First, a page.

VA illegally hired questionable doctors

The Department of Veterans Affairs is responsible for providing medical care to veterans in Ohio and across the country. However, a recent US Today report shows that the VA hired physicians who lost their state licenses to practice for medical malpractice or misconduct.

Federal law prohibits the VA from hiring physicians if a state medical board revoked their license to practice. Their hiring process supposedly includes vetting of applications, verification of education and medical licenses, reviews of references and interviews. A professional standards board must review and approve clinical hires.

However, VA hospital officials may independently review and hire an applicant with a licensing problem that did not rise to license revocation, malpractice or criminal histories. The VA also attracts physicians with past legal problems who cannot secure medical insurance because the VA is responsible for malpractice claims. The USA Today reported several cases where the VA hired doctors with numerous malpractice claims, sanctions for sexual misconduct and botched surgeries.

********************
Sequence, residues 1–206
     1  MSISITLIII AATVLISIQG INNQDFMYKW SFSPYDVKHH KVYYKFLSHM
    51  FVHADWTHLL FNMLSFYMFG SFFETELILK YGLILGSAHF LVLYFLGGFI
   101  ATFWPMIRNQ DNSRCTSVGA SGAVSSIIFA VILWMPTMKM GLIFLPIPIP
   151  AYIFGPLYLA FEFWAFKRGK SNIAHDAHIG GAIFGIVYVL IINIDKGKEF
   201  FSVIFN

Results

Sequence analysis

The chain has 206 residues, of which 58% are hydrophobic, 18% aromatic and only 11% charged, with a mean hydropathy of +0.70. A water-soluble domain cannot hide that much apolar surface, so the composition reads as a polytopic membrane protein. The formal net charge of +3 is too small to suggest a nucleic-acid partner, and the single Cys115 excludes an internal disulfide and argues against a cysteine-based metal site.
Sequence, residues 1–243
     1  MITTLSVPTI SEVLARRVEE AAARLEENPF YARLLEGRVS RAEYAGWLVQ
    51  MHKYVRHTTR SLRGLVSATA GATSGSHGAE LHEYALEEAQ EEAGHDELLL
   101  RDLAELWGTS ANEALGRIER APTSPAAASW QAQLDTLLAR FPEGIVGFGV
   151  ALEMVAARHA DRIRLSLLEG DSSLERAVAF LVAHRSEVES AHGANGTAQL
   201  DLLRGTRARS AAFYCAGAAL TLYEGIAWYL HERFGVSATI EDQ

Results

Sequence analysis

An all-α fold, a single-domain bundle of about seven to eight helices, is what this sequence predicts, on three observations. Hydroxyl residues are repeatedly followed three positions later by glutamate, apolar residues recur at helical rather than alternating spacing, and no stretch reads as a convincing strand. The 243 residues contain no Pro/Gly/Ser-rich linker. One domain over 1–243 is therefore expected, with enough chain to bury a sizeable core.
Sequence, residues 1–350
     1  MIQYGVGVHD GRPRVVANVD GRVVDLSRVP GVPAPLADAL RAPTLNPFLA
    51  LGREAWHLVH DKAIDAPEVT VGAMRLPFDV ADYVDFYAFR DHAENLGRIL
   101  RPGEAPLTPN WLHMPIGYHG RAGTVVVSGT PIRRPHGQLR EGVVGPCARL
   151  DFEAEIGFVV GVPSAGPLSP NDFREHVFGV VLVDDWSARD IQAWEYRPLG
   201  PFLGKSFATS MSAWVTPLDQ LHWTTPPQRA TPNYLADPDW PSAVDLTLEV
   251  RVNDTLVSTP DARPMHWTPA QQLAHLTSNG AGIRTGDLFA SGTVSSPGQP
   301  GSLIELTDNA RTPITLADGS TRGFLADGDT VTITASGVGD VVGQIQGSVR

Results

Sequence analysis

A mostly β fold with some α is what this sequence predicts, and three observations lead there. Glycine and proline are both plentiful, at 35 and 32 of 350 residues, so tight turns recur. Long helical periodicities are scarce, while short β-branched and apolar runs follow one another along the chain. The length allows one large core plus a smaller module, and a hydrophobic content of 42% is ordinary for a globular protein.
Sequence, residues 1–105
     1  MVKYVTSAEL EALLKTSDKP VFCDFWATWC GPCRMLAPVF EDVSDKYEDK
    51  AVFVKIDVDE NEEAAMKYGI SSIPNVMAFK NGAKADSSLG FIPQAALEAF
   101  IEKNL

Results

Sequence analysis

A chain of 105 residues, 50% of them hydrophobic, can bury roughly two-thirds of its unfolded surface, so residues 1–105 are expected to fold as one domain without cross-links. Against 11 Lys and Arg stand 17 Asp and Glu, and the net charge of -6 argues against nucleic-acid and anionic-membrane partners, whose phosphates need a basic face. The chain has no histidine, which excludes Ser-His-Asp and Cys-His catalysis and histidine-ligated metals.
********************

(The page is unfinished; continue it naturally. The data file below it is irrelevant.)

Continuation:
The VA employed a neurosurgeon for a VA hospital in Iowa City, Iowa who had over a dozen malpractice claims and settlements in two states. Some of these cases included several cases in which he allegedly made a surgical error that caused death and maimed or paralyzed patients. He resigned before the VA could fire him.

In Oklahoma, a VA hospital hired a psychiatrist who was publicly sanctioned for sexual misconduct. He eventually slept with a VA patient.

A VA clinic in Louisiana employed a psychologist with felony convictions in 2004 but later fired him in 2015 after the VA concluded that he directly threatened others. The VA did not conduct a criminal background check until one year after he was hired and still allowed him to practice until there were several complaints about mistreatment. His criminal record included eight arrests for crimes including burglary, drug dealing and reckless driving resulting in death.

A VA hospital in Jackson, Mississippi hired an ophthalmologist who was sanctioned in Georgia. He performed a surgery upon a veteran which led to blindness and he allegedly implanted the wrong lens in another patient's eye. He denied misconduct and a VA investigation indicated that a nurse assisting him caused the blindness.

Victims of medical professional negligence or misconduct should seek legal representation to help assure that they can pursue compensation. An attorney can seek and obtain evidence on malpractice.

Source: USA Today, "USA Today investigation: VA knowingly hires doctors with past malpractice claims, discipline for poor care," By Donovan Slack, Dec, 3, 2017

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